BARCELONA

After a rousing introduction that touches on the Spanish Civil War and Miró, Gaudí, and the Barcelonese mania for design and its folk-pride in “seny” (well-proportioned common sense), coexisting with its “tradition of intense, wrenching civic change, of long-shot gambles and risky endeavors,” Hughes plunges into the history of the city and of Catalunya entire—and is all but lost in its swamp thereafter. Understandably wishing to replicate his deserved success with The Fatal Shore (1986), Hughes takes Barcelona chronologically. But where the Australian epic of the earlier book was one of remade identities and turbulent national narration, Hughes here is faced with more frozen layers of culture and provincial self-regard. He goes at it painstakingly—all the names and dates are here, from the Romans onward—yet the result is deprived of Hughes's signature dash and vector. There are fine historical cameos—ever hear of Narcis Monturiol and his pioneering submarines, proof of Barcelona's helpless but also wonderful addiction to modernity?—but Hughes also must address himself to literature (the Catalan language being so important a determinant to the culture), and when he does this he seems to lose the confidently acerbic snap that his visual-art and architecture prose has (“The language of L'Atlantida is rich, sonorous, imbued not only with rhetorical grandeur but with intimate precision of observation and feeling”). The Gaudí section, which is very good, comes only at a very long book's end, by which time you are weary, and less involved than its great subject merits.

Pub Date: Feb. 28, 1992

ISBN: 0-394-58027-3

Page Count: 416

Publisher: Knopf

Review Posted Online: May 20, 2010

Kirkus Reviews Issue: Jan. 1, 1992

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A clear, useful guide through the current chaotic political landscape.

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WHY WE'RE POLARIZED

A sharp explanation of how American politics has become so discordant.

Journalist Klein, co-founder of Vox, formerly of the Washington Post, MSNBC, and Bloomberg, reminds readers that political commentators in the 1950s and ’60s denounced Republicans and Democrats as “tweedledum and tweedledee.” With liberals and conservatives in both parties, they complained, voters lacked a true choice. The author suspects that race played a role, and he capably shows us why and how. For a century after the Civil War, former Confederate states, obsessed with keeping blacks powerless, elected a congressional bloc that “kept the Democratic party less liberal than it otherwise would’ve been, the Republican Party congressionally weaker than it otherwise would’ve been, and stopped the parties from sorting themselves around the deepest political cleavage of the age.” Following the passage of the 1964 Civil Rights Act, many white Southern Democrats became Republicans, and the parties turned consistently liberal and conservative. Given a “true choice,” Klein maintains, voters discarded ideology in favor of “identity politics.” Americans, like all humans, cherish their “tribe” and distrust outsiders. Identity was once a preoccupation of minorities, but it has recently attracted white activists and poisoned the national discourse. The author deplores the decline of mass media (network TV, daily newspapers), which could not offend a large audience, and the rise of niche media and internet sites, which tell a small audience only what they want to hear. American observers often joke about European nations that have many parties who vote in lock step. In fact, such parties cooperate to pass legislation. America is the sole system with only two parties, both of which are convinced that the other is not only incompetent (a traditional accusation), but a danger to the nation. So far, calls for drastic action to prevent the apocalypse are confined to social media, fringe activists, and the rhetoric of Trump supporters. Fortunately—according to Klein—Trump is lazy, but future presidents may be more savvy. The author does not conclude this deeply insightful, if dispiriting, analysis by proposing a solution.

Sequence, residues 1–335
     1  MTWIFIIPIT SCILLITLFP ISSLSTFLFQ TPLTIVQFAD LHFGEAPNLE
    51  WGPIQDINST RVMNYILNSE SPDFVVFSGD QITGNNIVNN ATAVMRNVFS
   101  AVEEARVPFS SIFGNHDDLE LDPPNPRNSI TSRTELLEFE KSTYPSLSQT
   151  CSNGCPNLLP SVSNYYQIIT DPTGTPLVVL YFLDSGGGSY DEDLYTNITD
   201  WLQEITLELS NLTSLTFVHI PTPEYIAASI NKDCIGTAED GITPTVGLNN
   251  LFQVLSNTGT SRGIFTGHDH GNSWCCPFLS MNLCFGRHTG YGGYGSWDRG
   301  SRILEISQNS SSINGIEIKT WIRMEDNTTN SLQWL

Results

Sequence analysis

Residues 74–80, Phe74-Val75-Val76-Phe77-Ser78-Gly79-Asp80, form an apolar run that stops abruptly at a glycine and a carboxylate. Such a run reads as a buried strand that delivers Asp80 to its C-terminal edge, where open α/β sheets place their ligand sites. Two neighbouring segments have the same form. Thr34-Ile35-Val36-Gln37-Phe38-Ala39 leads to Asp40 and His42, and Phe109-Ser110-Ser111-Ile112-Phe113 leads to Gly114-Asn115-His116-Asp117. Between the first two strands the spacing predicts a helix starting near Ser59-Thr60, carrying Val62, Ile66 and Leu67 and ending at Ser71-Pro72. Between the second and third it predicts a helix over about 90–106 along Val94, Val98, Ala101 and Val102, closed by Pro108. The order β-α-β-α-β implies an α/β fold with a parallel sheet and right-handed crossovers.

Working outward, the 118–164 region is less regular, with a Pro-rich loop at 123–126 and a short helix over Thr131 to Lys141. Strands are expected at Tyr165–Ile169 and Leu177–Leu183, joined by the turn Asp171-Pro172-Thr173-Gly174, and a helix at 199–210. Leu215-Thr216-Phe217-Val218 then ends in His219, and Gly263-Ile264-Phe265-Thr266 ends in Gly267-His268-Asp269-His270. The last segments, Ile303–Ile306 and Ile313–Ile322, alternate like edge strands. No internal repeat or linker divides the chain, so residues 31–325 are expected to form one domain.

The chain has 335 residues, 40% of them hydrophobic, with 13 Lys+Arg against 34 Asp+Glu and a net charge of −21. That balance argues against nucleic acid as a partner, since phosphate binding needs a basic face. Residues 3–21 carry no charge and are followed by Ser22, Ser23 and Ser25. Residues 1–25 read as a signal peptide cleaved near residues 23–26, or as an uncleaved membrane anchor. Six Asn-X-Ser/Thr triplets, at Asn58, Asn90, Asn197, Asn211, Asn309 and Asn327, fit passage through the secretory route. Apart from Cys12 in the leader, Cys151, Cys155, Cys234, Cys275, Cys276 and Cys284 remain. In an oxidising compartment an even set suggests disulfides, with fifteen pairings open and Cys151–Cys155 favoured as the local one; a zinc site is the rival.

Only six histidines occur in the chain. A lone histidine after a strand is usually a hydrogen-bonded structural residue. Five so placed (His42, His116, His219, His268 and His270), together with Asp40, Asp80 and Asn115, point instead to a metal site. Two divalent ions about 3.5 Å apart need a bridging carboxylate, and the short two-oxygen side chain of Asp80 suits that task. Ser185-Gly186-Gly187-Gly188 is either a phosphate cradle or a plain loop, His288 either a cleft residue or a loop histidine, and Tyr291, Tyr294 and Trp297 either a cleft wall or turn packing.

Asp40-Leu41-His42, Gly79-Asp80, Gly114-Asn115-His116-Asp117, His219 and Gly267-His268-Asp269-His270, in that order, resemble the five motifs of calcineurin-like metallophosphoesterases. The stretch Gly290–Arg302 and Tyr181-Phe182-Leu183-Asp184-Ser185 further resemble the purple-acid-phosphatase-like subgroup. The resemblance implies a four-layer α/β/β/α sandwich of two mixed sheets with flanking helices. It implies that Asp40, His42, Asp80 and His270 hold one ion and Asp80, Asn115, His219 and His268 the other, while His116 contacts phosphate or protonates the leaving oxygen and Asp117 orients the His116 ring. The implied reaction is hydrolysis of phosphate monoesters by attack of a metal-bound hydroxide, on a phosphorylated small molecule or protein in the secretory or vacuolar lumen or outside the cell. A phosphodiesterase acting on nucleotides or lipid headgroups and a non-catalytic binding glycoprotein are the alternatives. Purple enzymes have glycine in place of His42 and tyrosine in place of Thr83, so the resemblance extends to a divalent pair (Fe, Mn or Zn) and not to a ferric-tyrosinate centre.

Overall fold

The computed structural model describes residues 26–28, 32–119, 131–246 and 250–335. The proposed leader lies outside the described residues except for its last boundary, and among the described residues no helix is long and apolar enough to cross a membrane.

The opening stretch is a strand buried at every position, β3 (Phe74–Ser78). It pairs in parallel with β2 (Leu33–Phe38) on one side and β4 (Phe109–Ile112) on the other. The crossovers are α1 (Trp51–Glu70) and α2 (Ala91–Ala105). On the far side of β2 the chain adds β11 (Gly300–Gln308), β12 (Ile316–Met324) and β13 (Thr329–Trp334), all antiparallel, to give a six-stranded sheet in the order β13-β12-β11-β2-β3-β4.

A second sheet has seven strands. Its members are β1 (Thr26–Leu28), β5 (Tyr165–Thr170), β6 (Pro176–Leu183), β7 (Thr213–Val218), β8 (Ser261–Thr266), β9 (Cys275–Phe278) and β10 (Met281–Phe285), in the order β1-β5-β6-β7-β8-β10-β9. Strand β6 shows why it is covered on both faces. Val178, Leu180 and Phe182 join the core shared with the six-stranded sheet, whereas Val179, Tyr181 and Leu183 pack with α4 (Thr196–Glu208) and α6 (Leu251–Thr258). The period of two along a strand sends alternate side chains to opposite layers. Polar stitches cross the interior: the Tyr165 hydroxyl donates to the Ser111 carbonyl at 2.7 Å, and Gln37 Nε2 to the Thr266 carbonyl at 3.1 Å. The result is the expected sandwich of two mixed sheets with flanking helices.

A clear, useful guide through the current chaotic political landscape.

Pub Date: Jan. 28, 2020

ISBN: 978-1-4767-0032-8

Page Count: 336

Publisher: Avid Reader Press

Review Posted Online: Dec. 22, 2019

Kirkus Reviews Issue: Jan. 15, 2020

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The author's youthfulness helps to assure the inevitable comparison with the Anne Frank diary although over and above the...

NIGHT

Elie Wiesel spent his early years in a small Transylvanian town as one of four children. 

He was the only one of the family to survive what Francois Maurois, in his introduction, calls the "human holocaust" of the persecution of the Jews, which began with the restrictions, the singularization of the yellow star, the enclosure within the ghetto, and went on to the mass deportations to the ovens of Auschwitz and Buchenwald. There are unforgettable and horrifying scenes here in this spare and sombre memoir of this experience of the hanging of a child, of his first farewell with his father who leaves him an inheritance of a knife and a spoon, and of his last goodbye at Buchenwald his father's corpse is already cold let alone the long months of survival under unconscionable conditions. 

The author's youthfulness helps to assure the inevitable comparison with the Anne Frank diary although over and above the sphere of suffering shared, and in this case extended to the death march itself, there is no spiritual or emotional legacy here to offset any reader reluctance.

Pub Date: Jan. 16, 2006

ISBN: 0374500010

Page Count: 120

Publisher: Hill & Wang

Review Posted Online: Oct. 7, 2011

Kirkus Reviews Issue: Jan. 15, 2006

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